Originally designed as a tool for bookkeeping notations, writing as a system was invented in Mesopotamia in the fourth millennium BCE to keep track of inventories, record transactions, and register property titles. While it took on different uses during Antiquity, writing, as it developed through the ages, was intrinsically linked to the accumulation of material wealth and the affirmation of a social hierarchy.
Taking this observation as her starting point, artist Clara Cousineau aims to reconnect writing with its earliest function by using objects as raw materials for the written. The exhibition Objectifier l’écriture presents a group of works that explore how writing and objects are connected using an approach midway between semiotic and aesthetic. In an installation resembling a residential interior, Cousineau lays out, as a typographer would, an inventory of object-letters through a variety of media and techniques, offering her formal research and sociological reflection on the idea of writing.
The work that lends its title to that of the exhibition, presented in a showcase, is the point of departure for Cousineau’s research on the subject. She displays various objects related to the domestic space; painted black, they are assembled sequentially and placed on shelves with blue-painted edges that are linked by a vertical red line. From these simple visual clues, our eye quickly understands that these objects are acting as a series of logograms on a page. This transposition into volumes of what we usually analyze through a two-dimensional lens makes us aware of the logic behind writing: the association of visual symbols in a linear structure, the search for meaning through segmentation, the support as physical frame for the written.
In her plan to build this new textual language, Cousineau took her reasoning further by designing a system of graphemes using these objects. Twenty-six object-letters were modelled digitally and reproduced through 3D printing. They are presented at the entrance as a collection of bibelots in Police de caractères: Objet and are subject to typographic variations in objet | objet | objet. In the latter work, the word “objet” was printed in three variations: in regular characters highlighted, in italics, and in boldface. Creating confusion between signifier and signified, Cousineau here emphasizes a self-referential mechanism that makes the link between the written and the object.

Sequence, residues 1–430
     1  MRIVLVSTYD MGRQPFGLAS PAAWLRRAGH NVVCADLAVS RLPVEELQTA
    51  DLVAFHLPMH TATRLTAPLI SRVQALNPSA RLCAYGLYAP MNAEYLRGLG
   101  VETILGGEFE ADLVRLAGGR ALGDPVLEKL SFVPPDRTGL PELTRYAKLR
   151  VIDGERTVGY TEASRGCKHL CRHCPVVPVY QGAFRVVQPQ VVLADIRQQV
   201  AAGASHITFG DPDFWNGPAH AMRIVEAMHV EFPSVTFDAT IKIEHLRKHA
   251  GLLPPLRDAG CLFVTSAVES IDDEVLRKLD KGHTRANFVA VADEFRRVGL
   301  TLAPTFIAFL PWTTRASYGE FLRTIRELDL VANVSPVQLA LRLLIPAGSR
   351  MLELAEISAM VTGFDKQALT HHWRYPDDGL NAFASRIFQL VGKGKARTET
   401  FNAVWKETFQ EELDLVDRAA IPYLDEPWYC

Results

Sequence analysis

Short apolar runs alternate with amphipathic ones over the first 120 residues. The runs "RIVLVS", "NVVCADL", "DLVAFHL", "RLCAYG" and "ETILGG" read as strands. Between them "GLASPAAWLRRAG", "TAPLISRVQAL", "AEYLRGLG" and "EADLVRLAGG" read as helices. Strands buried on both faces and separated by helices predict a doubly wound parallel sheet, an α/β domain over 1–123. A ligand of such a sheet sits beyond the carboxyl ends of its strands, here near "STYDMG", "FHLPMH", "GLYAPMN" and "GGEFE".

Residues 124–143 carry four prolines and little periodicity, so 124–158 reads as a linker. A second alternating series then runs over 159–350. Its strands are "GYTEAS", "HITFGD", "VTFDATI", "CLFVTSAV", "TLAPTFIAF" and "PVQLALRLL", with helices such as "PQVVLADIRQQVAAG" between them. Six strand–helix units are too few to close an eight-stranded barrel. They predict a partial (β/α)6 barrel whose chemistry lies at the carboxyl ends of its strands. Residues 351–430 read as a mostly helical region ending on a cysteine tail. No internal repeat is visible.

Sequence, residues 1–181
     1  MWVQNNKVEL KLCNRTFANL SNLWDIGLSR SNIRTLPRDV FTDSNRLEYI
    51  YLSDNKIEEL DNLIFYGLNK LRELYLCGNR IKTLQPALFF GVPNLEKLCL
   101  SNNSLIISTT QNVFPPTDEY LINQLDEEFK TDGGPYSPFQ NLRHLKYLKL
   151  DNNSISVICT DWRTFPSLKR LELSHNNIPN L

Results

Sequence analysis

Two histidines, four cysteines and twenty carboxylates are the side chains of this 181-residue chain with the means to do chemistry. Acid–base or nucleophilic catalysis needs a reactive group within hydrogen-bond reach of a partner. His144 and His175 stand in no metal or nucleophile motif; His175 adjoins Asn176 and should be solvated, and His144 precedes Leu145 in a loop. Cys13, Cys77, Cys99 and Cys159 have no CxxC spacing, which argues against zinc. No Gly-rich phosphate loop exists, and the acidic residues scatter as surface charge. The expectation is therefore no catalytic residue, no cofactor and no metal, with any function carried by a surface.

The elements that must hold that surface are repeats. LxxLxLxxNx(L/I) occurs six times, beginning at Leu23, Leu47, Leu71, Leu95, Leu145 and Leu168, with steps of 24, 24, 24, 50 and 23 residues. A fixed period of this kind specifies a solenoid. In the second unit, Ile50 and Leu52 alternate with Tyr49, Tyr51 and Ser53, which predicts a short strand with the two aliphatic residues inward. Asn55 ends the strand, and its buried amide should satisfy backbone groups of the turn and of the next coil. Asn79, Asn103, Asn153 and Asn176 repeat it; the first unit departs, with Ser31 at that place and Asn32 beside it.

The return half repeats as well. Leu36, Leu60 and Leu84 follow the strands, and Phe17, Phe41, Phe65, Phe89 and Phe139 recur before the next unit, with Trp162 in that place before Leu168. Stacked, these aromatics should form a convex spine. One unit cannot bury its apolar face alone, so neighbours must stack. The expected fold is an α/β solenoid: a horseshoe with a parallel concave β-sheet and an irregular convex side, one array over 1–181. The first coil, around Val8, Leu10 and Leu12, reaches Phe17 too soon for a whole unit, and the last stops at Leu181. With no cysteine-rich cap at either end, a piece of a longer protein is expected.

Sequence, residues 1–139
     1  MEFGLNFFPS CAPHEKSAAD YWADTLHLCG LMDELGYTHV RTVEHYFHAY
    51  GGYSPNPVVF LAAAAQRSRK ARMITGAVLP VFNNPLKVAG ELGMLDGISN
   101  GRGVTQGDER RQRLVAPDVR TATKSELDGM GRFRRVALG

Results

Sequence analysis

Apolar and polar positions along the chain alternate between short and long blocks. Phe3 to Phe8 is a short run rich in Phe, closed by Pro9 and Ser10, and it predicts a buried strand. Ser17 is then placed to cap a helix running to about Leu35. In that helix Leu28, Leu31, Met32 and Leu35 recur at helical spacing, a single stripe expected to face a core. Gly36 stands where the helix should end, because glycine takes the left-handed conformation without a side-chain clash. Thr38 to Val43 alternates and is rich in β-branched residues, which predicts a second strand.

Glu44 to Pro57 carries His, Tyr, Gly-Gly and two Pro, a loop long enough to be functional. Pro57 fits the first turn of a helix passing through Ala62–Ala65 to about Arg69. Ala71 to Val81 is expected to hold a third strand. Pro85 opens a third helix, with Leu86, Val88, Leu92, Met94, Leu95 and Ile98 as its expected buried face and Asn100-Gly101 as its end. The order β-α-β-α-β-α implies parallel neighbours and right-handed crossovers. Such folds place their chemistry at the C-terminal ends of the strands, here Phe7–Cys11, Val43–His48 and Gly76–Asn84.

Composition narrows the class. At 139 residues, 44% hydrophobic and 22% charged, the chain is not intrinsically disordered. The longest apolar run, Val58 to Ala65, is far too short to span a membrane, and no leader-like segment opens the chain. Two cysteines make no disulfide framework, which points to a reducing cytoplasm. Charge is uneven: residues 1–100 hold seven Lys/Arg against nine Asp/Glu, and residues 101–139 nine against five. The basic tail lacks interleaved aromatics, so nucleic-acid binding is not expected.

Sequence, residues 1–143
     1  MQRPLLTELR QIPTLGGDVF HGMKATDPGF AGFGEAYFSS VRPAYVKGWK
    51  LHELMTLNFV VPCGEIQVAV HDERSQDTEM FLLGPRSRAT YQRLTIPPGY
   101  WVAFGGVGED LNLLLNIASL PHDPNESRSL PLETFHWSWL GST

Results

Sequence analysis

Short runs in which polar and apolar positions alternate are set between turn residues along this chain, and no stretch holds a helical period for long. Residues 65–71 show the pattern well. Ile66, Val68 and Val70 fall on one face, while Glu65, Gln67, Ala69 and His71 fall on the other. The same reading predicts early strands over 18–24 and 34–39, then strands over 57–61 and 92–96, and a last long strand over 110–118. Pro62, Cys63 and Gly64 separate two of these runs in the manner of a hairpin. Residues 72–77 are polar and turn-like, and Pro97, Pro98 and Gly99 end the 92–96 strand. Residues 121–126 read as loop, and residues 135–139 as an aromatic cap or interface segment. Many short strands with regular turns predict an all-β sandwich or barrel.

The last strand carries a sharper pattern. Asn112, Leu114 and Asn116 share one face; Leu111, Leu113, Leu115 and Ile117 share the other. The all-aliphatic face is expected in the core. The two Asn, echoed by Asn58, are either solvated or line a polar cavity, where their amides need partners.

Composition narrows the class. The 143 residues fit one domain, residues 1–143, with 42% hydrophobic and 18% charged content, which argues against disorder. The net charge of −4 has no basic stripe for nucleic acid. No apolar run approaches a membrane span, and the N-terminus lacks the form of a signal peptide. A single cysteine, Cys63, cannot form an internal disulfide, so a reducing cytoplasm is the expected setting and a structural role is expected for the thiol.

Both formal play and communicational interplay, the letters are repeated, multiplied, and transformed depending on their support. They also propose various socio-historical readings related to the use of writing. In Mise en relief A - Z, produced in collaboration with the graphic designer Allen’s Cruz, they are printed in relief on matrixes more than a century old that were used to print the newspapers Le Soleil and L’Événement. The matrixes were found by chance within the walls of a house while it was being renovated. Placed in the gallery like wallpaper, they evoke the omnipotence of the twentieth-century printed press, a mass medium that revolutionized our relationship with writing and greatly contributed to the dissemination of a patriarchal model. The object-letters, printed individually and in large format, superimpose a feminine imagery and perform as acts of empowerment. This approach is reminiscent of certain of Annette Messager’s album-collections, in which Messager annotated, recopied, and drew on articles from the tabloid press and advertising images in order to ridicule the feminine archetypes that they conveyed.